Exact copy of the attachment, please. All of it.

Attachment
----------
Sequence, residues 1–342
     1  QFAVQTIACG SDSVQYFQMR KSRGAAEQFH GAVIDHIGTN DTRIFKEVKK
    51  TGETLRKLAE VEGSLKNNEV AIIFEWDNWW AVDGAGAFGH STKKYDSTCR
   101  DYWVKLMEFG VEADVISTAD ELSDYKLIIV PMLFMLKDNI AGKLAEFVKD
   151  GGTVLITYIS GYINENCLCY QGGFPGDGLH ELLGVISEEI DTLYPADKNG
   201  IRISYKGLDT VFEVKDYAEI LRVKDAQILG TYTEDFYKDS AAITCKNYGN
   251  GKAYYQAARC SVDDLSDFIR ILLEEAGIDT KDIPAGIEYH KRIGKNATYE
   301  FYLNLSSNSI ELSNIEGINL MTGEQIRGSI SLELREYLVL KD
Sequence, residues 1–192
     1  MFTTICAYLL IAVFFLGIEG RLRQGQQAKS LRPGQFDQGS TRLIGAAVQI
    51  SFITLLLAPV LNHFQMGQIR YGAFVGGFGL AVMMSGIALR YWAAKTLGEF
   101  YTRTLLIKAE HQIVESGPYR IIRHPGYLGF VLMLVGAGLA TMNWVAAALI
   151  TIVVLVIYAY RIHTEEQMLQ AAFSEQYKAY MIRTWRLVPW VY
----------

Sequence, residues 1–342
     1  QFAVQTIACG SDSVQYFQMR KSRGAAEQFH GAVIDHIGTN DTRIFKEVKK
    51  TGETLRKLAE VEGSLKNNEV AIIFEWDNWW AVDGAGAFGH STKKYDSTCR
   101  DYWVKLMEFG VEADVISTAD ELSDYKLIIV PMLFMLKDNI AGKLAEFVKD
   151  GGTVLITYIS GYINENCLCY QGGFPGDGLH ELLGVISEEI DTLYPADKNG
   201  IRISYKGLDT VFEVKDYAEI LRVKDAQILG TYTEDFYKDS AAITCKNYGN
   251  GKAYYQAARC SVDDLSDFIR ILLEEAGIDT KDIPAGIEYH KRIGKNATYE
   301  FYLNLSSNSI ELSNIEGINL MTGEQIRGSI SLELREYLVL KD
Sequence, residues 1–192
     1  MFTTICAYLL IAVFFLGIEG RLRQGQQAKS LRPGQFDQGS TRLIGAAVQI
    51  SFITLLLAPV LNHFQMGQIR YGAFVGGFGL AVMMSGIALR YWAAKTLGEF
   101  YTRTLLIKAE HQIVESGPYR IIRHPGYLGF VLMLVGAGLA TMNWVAAALI
   151  TIVVLVIYAY RIHTEEQMLQ AAFSEQYKAY MIRTWRLVPW VY